Margaret is a film about a high school girl named Lisa who distracts a bus driver, contributing to an accident in which a women is killed. It uses King Lear and a possible reference to Macbeth to give greater roundness to some of its themes.
The film itself has some major flaws, but I greatly enjoyed seeing Matthew Broderick playing the English teacher—Ferris Bueller's on the other side of the attendance chart now, eh?
In the first clip below, I've put a brief scene introducing the idea of King Lear to the film, another short clip that I take to be related to Macbeth (be forewarned—it involves blood), and a poem by Gerard Manly Hopkins from which the film gets its name:
In case you need the text of Hopkins' poem with its marked sprung rhythm, here it is:
The implication of the poem's place in the film is that Lisa is not as concerned with the death of the woman hit by the bus or by vengeance on the bus driver; instead, she is concerned with her own death and with her own complicity in the woman's."Spring and Fall."
to a young child
Márgarét, áre you gríeving
Over Goldengrove unleaving?
Leáves like the things of man, you
With your fresh thoughts care for, can you?
Ah! ás the heart grows older
It will come to such sights colder
By and by, nor spare a sigh
Though worlds of wanwood leafmeal lie;
And yet you wíll weep and know why.
Now no matter, child, the name:
Sórrow’s spríngs áre the same.
Nor mouth had, no nor mind, expressed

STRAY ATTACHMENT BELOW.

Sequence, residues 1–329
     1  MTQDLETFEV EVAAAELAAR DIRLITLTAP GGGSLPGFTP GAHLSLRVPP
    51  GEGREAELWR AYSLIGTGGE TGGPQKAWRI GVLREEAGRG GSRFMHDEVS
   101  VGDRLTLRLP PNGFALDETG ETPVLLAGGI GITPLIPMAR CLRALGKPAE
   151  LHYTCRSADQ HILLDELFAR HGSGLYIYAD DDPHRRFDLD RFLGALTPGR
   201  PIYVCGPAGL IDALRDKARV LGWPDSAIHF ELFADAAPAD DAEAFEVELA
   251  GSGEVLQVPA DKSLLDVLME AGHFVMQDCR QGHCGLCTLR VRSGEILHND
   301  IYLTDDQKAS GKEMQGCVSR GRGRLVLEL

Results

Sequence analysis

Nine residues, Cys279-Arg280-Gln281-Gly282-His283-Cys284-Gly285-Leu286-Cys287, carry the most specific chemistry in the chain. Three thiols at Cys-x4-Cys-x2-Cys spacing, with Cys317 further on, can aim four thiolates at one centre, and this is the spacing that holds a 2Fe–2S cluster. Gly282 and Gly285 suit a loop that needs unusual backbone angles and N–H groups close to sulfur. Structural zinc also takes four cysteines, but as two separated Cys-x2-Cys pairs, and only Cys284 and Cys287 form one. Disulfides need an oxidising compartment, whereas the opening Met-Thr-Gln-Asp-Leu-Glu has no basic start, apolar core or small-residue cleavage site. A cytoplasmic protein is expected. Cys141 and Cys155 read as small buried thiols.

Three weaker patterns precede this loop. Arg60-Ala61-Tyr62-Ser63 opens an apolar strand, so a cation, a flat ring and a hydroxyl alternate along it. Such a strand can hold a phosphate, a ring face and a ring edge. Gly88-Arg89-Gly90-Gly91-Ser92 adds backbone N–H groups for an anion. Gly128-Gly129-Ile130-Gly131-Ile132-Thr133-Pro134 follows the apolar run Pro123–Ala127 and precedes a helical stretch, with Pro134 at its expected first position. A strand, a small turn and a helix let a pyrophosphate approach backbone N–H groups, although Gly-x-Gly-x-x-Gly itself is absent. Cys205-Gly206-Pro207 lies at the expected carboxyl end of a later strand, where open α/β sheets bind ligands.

What heart heard of, ghost guessed:
It ís the blight man was born for,
It is Margaret you mourn for.
Later in the film, we are invited to consider possibly the darkest lines in King Lear: the speech Gloucester makes after he has been blinded and cast out of his own house. In the depths of his despair, he cries out, "As flies to wanton boys are we to the gods: / They kill us for their sport." Here's how the teacher elicits responses from his students. (Note: the clip begins with the same brief Lear scene from above—I wanted them conveniently in one file).
The student makes a very valid point that Matthew Broderick is right to support. Broderick says, "That's a valid point. Just because Shakespeare has one of his characters say something, doesn't me he personally agrees with it." The other student also has a idea worth exploring—though I'm not sure it's articulated as clearly as it could be—but there the teacher becomes flummoxed because the point is distracting from the direction he wants the discussion to go.
At such points, I, too, often simply say, "Poor Tom's a-cold" and move on.
Links: The Film at IMDb.